Having a large single sink rather than a segmented one, along with a tall faucet for washing out stock pots and dutch ovens and cookie sheets, would make life so much easier. I could see a segmented sink being useful if you don't have a dishwasher, but otherwise what's the point?

I've found upper cabinets to be completely useless for the things I use it for. Storing jars, tupperware, baking ingredients, awkward appliances like a microwave or blender. I'd rather just have open shelves.

Never allowing a fridge to be placed next to a wall. Seriously, how are you supposed to open the door all the way to take out drawers and things to properly clean?

Thick drywall and solid doors for proper insulation and noise reduction would be great, especially through bedroom and bathroom walls.

A properly-sized detached garage. I'd rather keep as many fumes from entering the house as possible from stored paint, cars warming up, chemicals, etc. Having it detached would make it so much easier for me to build it larger and not have to fight with spacing of trying to fit toys, a gym, and a workshop in. I'd also be able to keep the roofs shaped more simply too.

Windows that are thick and properly insulated, everywhere I can possibly fit them. Especially around the kitchen. It's been so hard to find a place where I don't have to keep all the lights on in a kitchen to see what I'm doing.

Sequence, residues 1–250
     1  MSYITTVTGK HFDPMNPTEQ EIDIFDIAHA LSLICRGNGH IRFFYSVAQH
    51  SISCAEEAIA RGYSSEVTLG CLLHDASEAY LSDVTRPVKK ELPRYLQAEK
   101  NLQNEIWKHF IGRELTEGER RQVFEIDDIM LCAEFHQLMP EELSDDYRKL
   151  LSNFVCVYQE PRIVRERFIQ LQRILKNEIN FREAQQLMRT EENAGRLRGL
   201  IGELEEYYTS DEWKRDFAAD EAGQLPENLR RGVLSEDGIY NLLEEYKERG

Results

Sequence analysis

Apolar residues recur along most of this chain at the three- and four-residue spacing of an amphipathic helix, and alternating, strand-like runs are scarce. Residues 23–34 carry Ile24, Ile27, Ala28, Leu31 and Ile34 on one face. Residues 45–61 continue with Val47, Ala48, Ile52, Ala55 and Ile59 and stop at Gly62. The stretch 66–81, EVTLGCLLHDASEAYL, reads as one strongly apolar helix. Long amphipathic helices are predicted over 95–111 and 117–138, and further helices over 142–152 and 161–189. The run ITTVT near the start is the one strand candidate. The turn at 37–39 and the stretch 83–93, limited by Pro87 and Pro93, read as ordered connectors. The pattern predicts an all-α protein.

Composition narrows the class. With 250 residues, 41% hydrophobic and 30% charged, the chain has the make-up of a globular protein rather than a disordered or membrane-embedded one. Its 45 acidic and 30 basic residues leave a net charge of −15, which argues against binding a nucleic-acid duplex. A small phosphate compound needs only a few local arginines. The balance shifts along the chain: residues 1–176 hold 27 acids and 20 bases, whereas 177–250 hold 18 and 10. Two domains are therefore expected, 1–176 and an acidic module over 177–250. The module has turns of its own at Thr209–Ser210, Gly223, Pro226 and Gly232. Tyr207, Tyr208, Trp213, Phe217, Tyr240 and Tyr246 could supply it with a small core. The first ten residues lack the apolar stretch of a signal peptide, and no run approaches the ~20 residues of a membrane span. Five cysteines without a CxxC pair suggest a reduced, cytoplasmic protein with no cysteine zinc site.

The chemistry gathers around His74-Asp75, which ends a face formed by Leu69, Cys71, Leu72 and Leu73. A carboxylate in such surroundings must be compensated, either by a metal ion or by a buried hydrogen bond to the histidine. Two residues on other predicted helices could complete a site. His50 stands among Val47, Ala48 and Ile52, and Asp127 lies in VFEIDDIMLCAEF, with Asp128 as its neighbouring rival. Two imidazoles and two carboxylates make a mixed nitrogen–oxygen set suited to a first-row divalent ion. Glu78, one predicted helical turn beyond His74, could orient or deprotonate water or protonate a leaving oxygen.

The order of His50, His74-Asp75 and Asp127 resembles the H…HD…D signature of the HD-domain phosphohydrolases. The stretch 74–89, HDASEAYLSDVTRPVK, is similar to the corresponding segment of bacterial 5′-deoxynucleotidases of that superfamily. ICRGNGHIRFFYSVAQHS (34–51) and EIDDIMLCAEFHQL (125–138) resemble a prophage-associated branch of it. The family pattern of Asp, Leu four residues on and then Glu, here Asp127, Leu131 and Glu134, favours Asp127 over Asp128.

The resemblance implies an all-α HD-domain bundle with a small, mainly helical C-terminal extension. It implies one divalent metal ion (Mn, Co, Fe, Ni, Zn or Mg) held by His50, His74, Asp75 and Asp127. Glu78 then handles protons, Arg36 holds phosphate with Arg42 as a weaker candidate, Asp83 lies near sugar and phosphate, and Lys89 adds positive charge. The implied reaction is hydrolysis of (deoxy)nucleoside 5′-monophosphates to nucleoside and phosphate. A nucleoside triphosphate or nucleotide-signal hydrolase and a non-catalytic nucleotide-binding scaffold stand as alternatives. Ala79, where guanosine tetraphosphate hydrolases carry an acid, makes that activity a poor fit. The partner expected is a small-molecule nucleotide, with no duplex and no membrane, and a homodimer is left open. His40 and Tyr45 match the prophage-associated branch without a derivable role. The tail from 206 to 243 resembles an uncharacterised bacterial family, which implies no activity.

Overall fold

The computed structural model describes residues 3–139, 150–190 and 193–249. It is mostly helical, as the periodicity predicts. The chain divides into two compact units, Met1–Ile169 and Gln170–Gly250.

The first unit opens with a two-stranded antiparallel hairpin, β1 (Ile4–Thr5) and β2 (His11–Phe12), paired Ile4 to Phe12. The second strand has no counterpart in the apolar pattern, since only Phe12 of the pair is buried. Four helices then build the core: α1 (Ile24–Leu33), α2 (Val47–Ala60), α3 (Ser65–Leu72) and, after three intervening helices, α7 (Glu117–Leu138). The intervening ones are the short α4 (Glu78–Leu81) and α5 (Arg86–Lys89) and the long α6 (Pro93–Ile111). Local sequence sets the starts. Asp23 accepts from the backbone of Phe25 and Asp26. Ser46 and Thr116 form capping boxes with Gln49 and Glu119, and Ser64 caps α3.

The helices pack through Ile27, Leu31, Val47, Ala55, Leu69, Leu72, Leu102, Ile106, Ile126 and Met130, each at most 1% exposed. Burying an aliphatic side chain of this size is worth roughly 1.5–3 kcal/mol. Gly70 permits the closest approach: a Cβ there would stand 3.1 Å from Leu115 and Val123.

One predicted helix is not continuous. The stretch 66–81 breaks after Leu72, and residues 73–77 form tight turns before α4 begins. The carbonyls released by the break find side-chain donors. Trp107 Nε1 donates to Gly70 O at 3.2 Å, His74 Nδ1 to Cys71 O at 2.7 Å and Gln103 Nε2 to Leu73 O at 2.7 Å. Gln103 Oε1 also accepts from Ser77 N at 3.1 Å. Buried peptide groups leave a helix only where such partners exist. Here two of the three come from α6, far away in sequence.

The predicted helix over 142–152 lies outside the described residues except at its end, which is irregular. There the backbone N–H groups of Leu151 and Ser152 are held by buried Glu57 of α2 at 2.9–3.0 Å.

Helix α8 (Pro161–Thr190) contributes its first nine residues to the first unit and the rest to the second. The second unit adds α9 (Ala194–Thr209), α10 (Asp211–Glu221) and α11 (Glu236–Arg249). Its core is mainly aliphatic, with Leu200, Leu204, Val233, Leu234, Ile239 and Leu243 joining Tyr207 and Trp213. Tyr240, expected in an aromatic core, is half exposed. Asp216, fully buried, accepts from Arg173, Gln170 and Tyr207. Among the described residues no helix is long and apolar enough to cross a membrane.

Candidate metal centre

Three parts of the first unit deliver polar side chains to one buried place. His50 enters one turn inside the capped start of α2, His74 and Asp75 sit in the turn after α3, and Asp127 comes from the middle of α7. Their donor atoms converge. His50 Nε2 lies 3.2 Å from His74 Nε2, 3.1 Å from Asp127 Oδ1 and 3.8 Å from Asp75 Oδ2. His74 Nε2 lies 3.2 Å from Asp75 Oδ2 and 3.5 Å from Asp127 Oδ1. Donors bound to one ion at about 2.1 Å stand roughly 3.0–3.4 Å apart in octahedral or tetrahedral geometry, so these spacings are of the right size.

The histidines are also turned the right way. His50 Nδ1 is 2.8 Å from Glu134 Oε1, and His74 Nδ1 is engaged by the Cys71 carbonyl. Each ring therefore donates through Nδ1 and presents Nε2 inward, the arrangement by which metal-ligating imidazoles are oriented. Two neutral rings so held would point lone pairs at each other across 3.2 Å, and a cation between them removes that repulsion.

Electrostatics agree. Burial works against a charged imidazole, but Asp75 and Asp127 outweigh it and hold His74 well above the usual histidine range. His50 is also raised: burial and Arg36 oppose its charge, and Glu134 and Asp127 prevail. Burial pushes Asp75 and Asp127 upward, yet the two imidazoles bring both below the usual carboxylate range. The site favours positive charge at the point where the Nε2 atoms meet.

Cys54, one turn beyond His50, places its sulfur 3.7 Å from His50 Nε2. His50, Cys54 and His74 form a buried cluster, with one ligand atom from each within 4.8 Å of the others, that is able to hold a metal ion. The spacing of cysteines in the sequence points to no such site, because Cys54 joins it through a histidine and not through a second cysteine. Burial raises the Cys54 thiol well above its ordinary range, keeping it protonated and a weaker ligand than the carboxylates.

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Old 01-24-2016, 01:29 PM   #14
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...
Nat gas line to outdoor gas grill instead of propane tanks
...
Good one. I did this in previous home and current home. Soooo nice to not have to futz with tanks, and worry about running out. And far cheaper too.

I'll add, make sure everything is properly graded, so gutters and downspouts really move the water away from the house to reduce chance of flooding, or running the sump a lot. Contractors seem to not pay much attention to this. Dirt always settles around foundation after a few years, so water moves towards the house eventually. Consider a back up for sump, depending on conditions.


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Old 01-24-2016, 01:29 PM   #15
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The kitchen. Counter space galore, to the point I'd rather have more kitchen with counter space I can use as a dining table with bar stools when needed at countertop height, rather than a dedicated table just for eating at.
That's just what I have, and I never use my dedicated table for eating any more. I'll probably do my taxes on it, but that's about it.

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A properly-sized detached garage. I'd rather keep as many fumes from entering the house as possible from stored paint, cars warming up, chemicals, etc. Having it detached would make it so much easier for me to build it larger and not have to fight with spacing of trying to fit toys, a gym, and a workshop in. I'd also be able to keep the roofs shaped more simply too.
I have a detached garage, and hadn't really thought about all of that. It really IS nice to not have fumes in the house. It's huge, about 800 sf I think, with a bathroom, storage, and workshop. Right now I just park my car in it but if I need more space it is there. Recently I told F he could use the workshop if he wants to because I'm probably not going to use it much. It's nice to have essentially infinite storage out there.